* HIST 283Jb / JDST 352b, Anti-Judaism, Antisemitism, and Anti-Zionism Shaun Halper
Investigation to further understanding of the origins, causes, motives, and long history of antisemitism. Antisemitic topics include: its relationship to pre-modern anti-Judaism and contemporary anti-Zionism; its connection to religion and modern secular ideologies like nationalism, fascism, and socialism; how it differs from other forms of racism, hatred, and bigotry; and how its resurgence relates to anti-Zionist political activism. HU
* HIST 299Jb / HUMS 192b, Intellectuals and Power in Europe Terence Renaud
The role of intellectuals in politics, with a focus on social, cultural, and political upheavals in Europe during the nineteenth and twentieth centuries. Whether intellectuals betray a higher spiritual calling when they enter politics or merely strive to put their own theories into practice. Modern answers to the question of why ideas and intellectuals matter. HU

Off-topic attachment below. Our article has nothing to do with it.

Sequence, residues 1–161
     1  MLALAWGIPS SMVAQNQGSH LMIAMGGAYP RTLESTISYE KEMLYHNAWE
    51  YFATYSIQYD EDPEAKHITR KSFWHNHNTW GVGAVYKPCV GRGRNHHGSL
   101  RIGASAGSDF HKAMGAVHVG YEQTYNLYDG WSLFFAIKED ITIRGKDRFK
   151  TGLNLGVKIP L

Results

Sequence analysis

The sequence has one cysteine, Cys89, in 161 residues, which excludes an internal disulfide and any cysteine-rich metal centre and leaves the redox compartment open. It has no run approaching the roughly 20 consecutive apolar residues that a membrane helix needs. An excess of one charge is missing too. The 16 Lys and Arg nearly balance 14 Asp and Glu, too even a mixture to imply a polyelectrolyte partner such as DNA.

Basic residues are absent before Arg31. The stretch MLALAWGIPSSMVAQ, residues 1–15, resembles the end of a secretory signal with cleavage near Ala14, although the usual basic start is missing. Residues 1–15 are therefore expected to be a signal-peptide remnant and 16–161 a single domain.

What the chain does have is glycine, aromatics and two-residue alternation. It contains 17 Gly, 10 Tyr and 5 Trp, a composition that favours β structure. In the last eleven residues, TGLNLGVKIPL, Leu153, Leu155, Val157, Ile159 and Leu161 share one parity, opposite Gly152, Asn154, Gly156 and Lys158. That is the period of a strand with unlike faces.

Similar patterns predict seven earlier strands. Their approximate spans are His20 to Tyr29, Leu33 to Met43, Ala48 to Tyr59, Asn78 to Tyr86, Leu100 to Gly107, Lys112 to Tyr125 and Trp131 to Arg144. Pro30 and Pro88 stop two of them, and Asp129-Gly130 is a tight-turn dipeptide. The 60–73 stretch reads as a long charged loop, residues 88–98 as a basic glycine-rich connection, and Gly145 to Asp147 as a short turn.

* HIST 302Ja, Latin American Cities in the Twentieth Century Staff
Twentieth-century Latin American cities in local and transnational perspective. Critique of the discourse of urban crisis. Topics include urban planning and public space; industrialization, labor, and populism; race, gender, and migration; informal settlements; Cold War urbanism; urban mega-events; and contemporary problems of crime, security, and segregation. WR, HU
* HIST 307Jb, The Confucian Dilemma in the Later Centuries Annping Chin
How the political experience of the scholar-officials in China’s second millennium helped to revise and retool the relationship of self, society, and the state that Confucians had articulated in the previous centuries. WR, HU
* HIST 308Jb, History and Politics in Early China Staff
How the history and politics of early China came to shape political thinking and policy debates in two thousand years of imperial rule. WR, HU
* HIST 309Ja / EAST 309a, Uses of the Past in Modern China Denise Ho
Modern China's use of the past in state-sponsored narratives of nation, in attempts to construct heritage by elites and intellectuals, and in grassroots projects of remembrance. Theories on history and memory; primary sources in English translation; case studies from twentieth-century China. Interdisciplinary readings in art history, anthropology, cultural studies, and history. WR, HU
* HIST 326Jb / EAST 326b, Yale and Japan Daniel Botsman